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cogency
13, May 2016

See What I Wanna See, and manufacture your own truth

by Steve Cohen
The Cultural Critic

See What I Wanna See. Words and music by Michael John LaChiusa. 11th Hour Theatre Company, 2016

 

Michael John LaChiusa could have been thinking of the 2016 presidential campaign when he wrote See What I Wanna See. Not actually, because the musical premiered in 2005 at New York’s Public Theater. But its subject certainly is current: the sharp difference of opposing perspectives, and accusations of lying.

One of his characters says, “Folks are desperate. The more far-fetched the lies, the more some people will believe them.”

See What I Wanna See was inspired by the Kurosawa film Rashomon, about the subjective nature of truth which, in turn, was based on short stories by Ryunosuke Akutagawa. The opening seems like a scene from the Japanese movie. “Tonight I kiss my lover for the last time,” a woman sings as she prepares to kill her adulterous paramour with a dagger.

We hear a re-play, but now it’s sung by the man, and it’s he who holds the knife and prepares to kill.

We find ourselves outside the Manhattan theater where the movie had its 1951 premiere, and we learn that shortly after the audience left, a man was found dead in the nearby park.

The movie-theater’s janitor stumbled on the corpse on his way home from work. We hear his testimony to the police who want him to tell them something different from what he’s disclosing. He pleads with them, “Whatcha want me to say?” That line is echoed by other participants as they undergo questioning.

Numerous details of narrative reinforce the play’s point that people want to hear what they want to hear, and they choose to see what they want to see. (Just as political conservatives tune to Fox News while liberals watch MSNBC.)

We hear antithetical accounts of ambush, rape and murder from contradictory viewpoints, including the janitor, a thief, a wife and a husband. We even encounter a medium who channels the voice of the deceased. It’s fascinating to watch how the same characters become completely different people depending on who’s telling the story.

This complex interplay was written by Michael John LaChiusa, a composer, lyricist and librettist whose shows include Marie Christine, The Wild Party and Giant.

LaChiusa supplies an additional thought about the American electorate. The theater marquee has a letter missing, so the movie title appears as R SHOMON. LaChiusa’s protagonist muses whether the missing “A” could stand for “America” or “anger” or “assholes.”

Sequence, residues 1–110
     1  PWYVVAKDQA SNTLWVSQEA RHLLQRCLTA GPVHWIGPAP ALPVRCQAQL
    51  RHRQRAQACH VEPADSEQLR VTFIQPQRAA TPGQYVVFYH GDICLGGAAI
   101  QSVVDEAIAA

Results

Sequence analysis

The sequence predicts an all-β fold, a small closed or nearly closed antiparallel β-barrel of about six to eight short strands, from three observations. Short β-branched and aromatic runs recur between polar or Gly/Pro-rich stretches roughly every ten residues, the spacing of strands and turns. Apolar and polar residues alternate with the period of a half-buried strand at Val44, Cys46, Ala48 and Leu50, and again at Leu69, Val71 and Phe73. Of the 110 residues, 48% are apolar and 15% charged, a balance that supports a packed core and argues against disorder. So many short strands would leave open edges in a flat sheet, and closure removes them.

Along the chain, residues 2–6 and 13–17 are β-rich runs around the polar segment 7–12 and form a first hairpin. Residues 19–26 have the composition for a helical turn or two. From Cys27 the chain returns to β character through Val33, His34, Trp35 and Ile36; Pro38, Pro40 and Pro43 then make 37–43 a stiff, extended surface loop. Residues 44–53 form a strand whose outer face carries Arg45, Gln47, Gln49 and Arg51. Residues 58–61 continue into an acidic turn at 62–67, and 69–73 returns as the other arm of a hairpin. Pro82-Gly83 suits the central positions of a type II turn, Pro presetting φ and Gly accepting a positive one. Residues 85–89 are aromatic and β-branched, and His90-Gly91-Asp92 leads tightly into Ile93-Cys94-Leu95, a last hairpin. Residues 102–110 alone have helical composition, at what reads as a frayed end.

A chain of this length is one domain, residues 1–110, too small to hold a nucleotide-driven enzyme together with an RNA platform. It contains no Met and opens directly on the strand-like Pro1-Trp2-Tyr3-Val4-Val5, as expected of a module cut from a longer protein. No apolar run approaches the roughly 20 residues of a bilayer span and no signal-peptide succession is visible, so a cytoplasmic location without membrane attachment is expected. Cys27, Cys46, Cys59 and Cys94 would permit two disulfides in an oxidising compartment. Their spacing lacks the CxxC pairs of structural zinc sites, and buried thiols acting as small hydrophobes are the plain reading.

His fascinating score incorporates Japanese sounds (with prominent writing for flute and percussion), Latin, jitterbug, rock ‘n’roll and blues. In Bruce Coughlin’s orchestration (heard on the Ghostlight CD of the original cast) we hear the differing piano styles of boogie-woogie like Meade Lux Lewis, stride like Willie “The Lion” Smith, and rockabilly like Jerry Lee Lewis—reflecting what might have been heard in 1951. Here the piano parts are played on keyboard by the musical director, Dan Kazemi, who leads a six-piece band.

The musical development is complicated but the tunes are catchy, which reveals that LaChiusa is in a class with Stephen Sondheim, although he has not yet received similar fame.

The second act is devoted to a story that has no connection with what came before, except the theme that people will believe what they want to believe.

A priest has lost his faith in God in the wake of the Twin Towers tragedy. He comes to share his aunt’s conviction that God, Christ and all other deities are frauds, and he intentionally fakes the coming of a miracle in order to taunt what he calls “gullible dopes.” Throngs of people believe his announcement and flock to see the event. When the moment arrives, many believe they’ve witnessed a revelation while the priest sees nothing.

The atheist aunt’s “The Greatest Practical Joke of All” is a hilarious song, yet I preferred the hard-edged and passionate music that surrounds the mysterious crime in Act I.

Five performers sang and acted multiple roles. Baritone Jake Blouch was spectacular as lover, husband and a Central Park derelict. Michael Philip O’Brien was strong as the mobster and a TV reporter. Nancie Sanderson sang powerfully as the medium and the aunt. Cara Noel Antosca made a vivid impression as a temptress and a drugged-out actress, while Billy Bustamente appealingly portrayed the janitor and the priest.

Megan Nicole O’Brien and Steve Pacek share credit for the concept, which was radically different from the New York production. They chose to use a long playing area between facing banks of seats, thus creating vast areas of space between the performers at one end versus the other. This accentuated the theme of polarized points of view.

An earlier and shorter article about this appeared in Broad Street Review

 
 
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